However, other observational data on muscle strength, published around the time of this review, yielded different findings; positive effects of higher protein intakes were found in cross-sectional studies of younger and older adults. The largest of these studies was the UK Biobank cohort of 146,816 adults aged 40–69 years [35]. In this analysis, graded increases in grip strength (expressed as kg/kg body weight) across the range of daily protein intakes from <0.8 g/kg to 2 g/kg were observed. Consistent with this finding, a positive association between protein intake and muscle strength (expressed as kg/BMI) was also reported in a recent study of a diverse cohort (2468 adults aged 33 to 71 years) in the US [36]. In both studies, the associations were seen in men and women, and adjusted for a wide range of covariates, including age, ethnicity, social status, smoking and comorbidities. The apparent inconsistency when comparing these findings with the meta-analyses is unlikely to be due to differences in the ages of participants, as a lack of independent associations between total protein intake and muscle strength has been reported in other cross-sectional analyses of data from cohorts with comparable age ranges [37,38,39], although in these studies, uncorrected measures of strength (kg) rather than corrected (per kg or BMI) were reported. Such observational findings may simply differ across cohorts, depending on differences in participant characteristics, such as their habitual diets, nutritional status or levels of physical activity. For example, in a recent cross-sectional analysis of data from an older cohort in the UK (the Newcastle 85+ Study, 722 community-dwelling men and women), consistent with the effects described above [35,36], a low protein intake (<1 g/kg) was found to associated with lower grip strength (uncorrected, kg) [40]. Inconsistencies in longitudinal effects are also apparent; for example in the Newcastle 85+ study, no association was found between protein intake and subsequent decline in strength [40], whereas protective effects of higher levels of protein intake have been reported in other longitudinal cohorts [37].

4.1.2. Antioxidant Nutrients

In comparison with studies of dietary protein, there have been far fewer investigations into the role of dietary antioxidants, despite known links between markers of oxidative damage, such as higher serum concentration of protein carbonyls and lower muscle strength [41]. There are some epidemiological studies that support the possibility that variation in dietary antioxidant intake may influence muscle strength in older age [42]. The best known evidence comes from the InCHIANTI (Invecchiare in Chianti) and WHAS (Women’s Health and Aging Study) cohorts, in which lower blood concentrations of selenium, alpha-tocopherol and carotenoids have been shown to be associated with lower muscle strength in cross-sectional analyses [43,44,45] and, in InCHIANTI, lower carotenoid status predicted greater loss of strength (handgrip, knee and hip) over a follow-up period of six years [46]. However, relatively little progress has been made in understanding the role of habitual dietary antioxidant intakes and their influence on muscle strength in the decade since. For example, in a large study of community-dwelling adults (aged 40–80 years) self-reported use of vitamin C and E supplements was not related to grip strength or to change in strength over a 5-year follow-up period [47]. Also, in a recent systematic review that considered the influence of dietary selenium on sarcopenia, only five studies were included; whilst two showed differences in intake between sarcopenic and non-sarcopenic older adults, no evidence of effects of selenium on muscle strength was reported [48]. Given the recognised role of oxidative damage and its effects on muscle cells [30], this may be surprising. However, as much has been learnt in this time about the potential benefits of patterns of diet that provide higher habitual intakes of many of these nutrients (Section 4.1.6), more needs to be known about the potential influence of dietary antioxidants.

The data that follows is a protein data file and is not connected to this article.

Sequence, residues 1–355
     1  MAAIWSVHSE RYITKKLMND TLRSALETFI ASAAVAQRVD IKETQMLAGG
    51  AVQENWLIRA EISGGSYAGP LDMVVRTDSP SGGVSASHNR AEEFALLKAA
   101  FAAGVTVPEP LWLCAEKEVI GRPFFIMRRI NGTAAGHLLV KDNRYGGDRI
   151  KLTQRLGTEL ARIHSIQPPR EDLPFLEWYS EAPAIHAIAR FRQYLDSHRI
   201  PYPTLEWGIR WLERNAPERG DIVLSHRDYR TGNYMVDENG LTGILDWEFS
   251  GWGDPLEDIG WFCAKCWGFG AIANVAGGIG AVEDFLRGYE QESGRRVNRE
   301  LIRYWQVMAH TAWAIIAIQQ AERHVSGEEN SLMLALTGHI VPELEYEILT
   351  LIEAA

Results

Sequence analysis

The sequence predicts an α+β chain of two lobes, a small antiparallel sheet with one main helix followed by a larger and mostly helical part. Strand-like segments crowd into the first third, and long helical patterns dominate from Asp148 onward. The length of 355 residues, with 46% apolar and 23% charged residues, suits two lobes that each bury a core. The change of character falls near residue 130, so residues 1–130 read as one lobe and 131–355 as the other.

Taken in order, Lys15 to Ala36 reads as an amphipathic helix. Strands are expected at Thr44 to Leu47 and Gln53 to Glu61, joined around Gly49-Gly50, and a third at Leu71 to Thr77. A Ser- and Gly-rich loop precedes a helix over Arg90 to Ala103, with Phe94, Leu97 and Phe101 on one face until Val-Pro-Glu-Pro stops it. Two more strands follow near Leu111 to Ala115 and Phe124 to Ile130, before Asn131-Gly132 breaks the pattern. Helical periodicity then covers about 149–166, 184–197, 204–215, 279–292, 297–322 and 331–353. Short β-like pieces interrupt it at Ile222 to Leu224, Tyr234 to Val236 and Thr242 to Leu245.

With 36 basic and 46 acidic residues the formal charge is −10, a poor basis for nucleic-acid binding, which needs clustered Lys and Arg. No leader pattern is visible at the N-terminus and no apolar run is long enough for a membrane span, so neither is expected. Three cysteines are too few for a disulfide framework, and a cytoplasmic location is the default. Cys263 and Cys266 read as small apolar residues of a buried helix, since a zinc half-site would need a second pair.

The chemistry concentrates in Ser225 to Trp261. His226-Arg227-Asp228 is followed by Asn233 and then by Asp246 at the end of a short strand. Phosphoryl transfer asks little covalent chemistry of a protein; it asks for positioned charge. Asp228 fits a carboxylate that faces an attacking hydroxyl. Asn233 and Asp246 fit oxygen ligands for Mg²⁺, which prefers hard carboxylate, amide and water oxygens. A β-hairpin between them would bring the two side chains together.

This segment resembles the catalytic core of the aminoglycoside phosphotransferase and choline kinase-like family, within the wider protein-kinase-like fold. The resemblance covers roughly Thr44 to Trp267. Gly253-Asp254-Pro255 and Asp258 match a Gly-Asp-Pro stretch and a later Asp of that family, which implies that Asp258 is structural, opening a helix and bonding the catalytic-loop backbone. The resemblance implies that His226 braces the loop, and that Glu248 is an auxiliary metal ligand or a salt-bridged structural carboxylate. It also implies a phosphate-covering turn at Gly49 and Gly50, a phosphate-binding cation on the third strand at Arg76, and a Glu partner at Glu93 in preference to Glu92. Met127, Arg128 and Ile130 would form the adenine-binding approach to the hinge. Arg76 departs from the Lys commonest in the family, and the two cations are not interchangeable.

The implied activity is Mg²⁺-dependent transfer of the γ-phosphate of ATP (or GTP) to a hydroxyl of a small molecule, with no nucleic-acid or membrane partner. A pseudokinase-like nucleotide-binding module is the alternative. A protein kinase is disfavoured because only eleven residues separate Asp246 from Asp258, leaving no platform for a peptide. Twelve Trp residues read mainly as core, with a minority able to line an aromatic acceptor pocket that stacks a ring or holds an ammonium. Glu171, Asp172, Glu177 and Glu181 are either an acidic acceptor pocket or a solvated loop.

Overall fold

4.1.3. Anti-Inflammatory Nutrients